Exploding heads, skeletons which come back to life, bodies which duplicate themselves, characters who disappear in a cloud of smoke, etc. No doubt about it: the work of Georges Méliès, one of the founding fathers of cinema, includes a good dose of the fantastic. Dick Tomasovic analyses his filmography from the particular angle of ‘the ecstatic body,’ an important figure in this cinema genre.
From his beginnings as a conjuror in a Paris cabaret up until the conclusion of his life as a seller of toys and confectionary in a boutique in the Montparnasse train station, everything (or nearly) has been written about him. His oeuvre has been the subject of dozens of books, and his films are still being released today. Seventy-four years after his death, he is rediscovering his sparkle on our contemporary big screens, embellished by the electronic music of the French group, Air, through a documentary retracing his career (Le voyage extraordinaire, Serge Bromberg and Éric Lange). The American director Martin Scorsese even paid homage to him with the feature film Hugo Cabret, which hit the cinema auditoriums in 2011.
In short, it’s not easy to take a new look at the work of Georges Méliès, one of the two founding fathers of the seventh art (or one of the three, if we do not consider the Lumière brothers as a duo). Dick Tomasovic, a lecturer at the University of Liège’s Department of Communication Arts and Sciences, has nevertheless thrown himself into the task, in authoring a chapter in the collective work Les cinéastes français à l’épreuve du genre fantastique(1). A book edited by Frédéric Gimello-Mesplomb which looks at the authors who have now and again tried their hand at this special style, one which the general public is generally not very fond of.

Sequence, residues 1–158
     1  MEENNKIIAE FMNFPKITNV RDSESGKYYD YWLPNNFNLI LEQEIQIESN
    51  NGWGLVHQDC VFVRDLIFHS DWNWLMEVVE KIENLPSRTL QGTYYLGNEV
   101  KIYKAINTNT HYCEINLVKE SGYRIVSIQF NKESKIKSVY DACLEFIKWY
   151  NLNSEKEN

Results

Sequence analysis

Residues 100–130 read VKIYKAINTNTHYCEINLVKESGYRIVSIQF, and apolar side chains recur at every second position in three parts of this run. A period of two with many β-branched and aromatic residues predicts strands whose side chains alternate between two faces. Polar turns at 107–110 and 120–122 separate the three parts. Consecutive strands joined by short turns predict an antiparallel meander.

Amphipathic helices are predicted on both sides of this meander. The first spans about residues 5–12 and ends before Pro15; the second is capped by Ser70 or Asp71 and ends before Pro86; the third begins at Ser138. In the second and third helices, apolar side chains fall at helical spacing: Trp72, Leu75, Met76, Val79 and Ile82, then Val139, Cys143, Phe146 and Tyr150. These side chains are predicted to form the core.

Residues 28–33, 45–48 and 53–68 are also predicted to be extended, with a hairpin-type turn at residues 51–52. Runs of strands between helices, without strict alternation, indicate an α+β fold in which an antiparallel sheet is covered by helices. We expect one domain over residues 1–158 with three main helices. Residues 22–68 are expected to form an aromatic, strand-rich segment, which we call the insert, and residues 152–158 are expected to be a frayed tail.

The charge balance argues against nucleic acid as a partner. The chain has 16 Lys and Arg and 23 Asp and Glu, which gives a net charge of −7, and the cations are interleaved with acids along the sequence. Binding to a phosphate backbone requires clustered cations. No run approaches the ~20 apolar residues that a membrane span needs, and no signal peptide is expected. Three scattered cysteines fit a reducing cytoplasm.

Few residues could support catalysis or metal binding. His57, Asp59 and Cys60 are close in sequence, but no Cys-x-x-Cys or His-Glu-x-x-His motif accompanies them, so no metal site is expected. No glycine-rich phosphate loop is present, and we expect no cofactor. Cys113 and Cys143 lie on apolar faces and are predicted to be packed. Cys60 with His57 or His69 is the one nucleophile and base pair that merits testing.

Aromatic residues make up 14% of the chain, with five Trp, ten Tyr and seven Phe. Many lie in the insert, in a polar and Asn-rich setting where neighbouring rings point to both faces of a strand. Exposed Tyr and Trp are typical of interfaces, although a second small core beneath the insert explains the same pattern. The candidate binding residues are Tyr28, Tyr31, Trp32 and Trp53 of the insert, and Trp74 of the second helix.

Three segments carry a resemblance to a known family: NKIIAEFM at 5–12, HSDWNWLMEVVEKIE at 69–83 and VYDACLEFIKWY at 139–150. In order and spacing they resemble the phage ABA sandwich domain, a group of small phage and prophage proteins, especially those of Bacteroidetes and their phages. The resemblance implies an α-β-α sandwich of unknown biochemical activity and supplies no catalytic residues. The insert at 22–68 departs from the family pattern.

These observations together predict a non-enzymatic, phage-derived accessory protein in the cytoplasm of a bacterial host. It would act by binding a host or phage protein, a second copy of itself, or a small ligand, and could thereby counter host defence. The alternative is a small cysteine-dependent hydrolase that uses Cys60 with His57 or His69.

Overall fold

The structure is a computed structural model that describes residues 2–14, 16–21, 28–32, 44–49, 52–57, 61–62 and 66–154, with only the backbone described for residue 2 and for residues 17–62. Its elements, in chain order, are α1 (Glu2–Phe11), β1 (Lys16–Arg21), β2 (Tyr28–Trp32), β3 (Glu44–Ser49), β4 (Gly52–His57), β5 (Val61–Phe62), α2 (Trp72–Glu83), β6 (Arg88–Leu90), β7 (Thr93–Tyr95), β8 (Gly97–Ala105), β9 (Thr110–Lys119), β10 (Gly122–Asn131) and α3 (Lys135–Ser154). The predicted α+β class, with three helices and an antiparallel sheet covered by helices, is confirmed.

A perilous exercise. As, like any self-respecting professor of the performing arts, Dick Tomasovic indeed knows his classics. But, as he admits himself, he is neither a specialist of the director, nor even an expert of early cinema. ‘In addition, at the time I was solicited to write this text, nearly three years ago, I was not really interested in the genre of the fantastic!’ His preferred areas are contemporary cinema and animation. Nevertheless, against every expectation, he accepted Frédéric Gimello-Mesplomb’s proposition and himself offered to take on Méliès.
Finding his name alongside those of directors such as Louis Feuillade, Jean Cocteau, Luc Besson, Jean Rollin or François Ozon might be somewhat of a surprise. Méliès had already been described at length as the inventor of doctored images, the father of special effects and the pioneer of science fiction, but he had all the same rarely been presented as the precursor of ‘fantastic’ cinema. This is nevertheless the gamble Dick Tomasovic took on. ‘He initiated the figures of the fantastic. Themes which would subsequently form the foundations of the genre,’ he assures us. To demonstrate his thesis, he leans on one of the major themes of the fantastic: ecstatic figures.